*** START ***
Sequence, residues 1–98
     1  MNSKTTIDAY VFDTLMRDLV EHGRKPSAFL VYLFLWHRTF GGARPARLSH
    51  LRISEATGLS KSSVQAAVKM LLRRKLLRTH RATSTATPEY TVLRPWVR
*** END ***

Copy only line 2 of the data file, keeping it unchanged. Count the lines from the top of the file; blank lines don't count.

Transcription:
     1  MNSKTTIDAY VFDTLMRDLV EHGRKPSAFL VYLFLWHRTF GGARPARLSH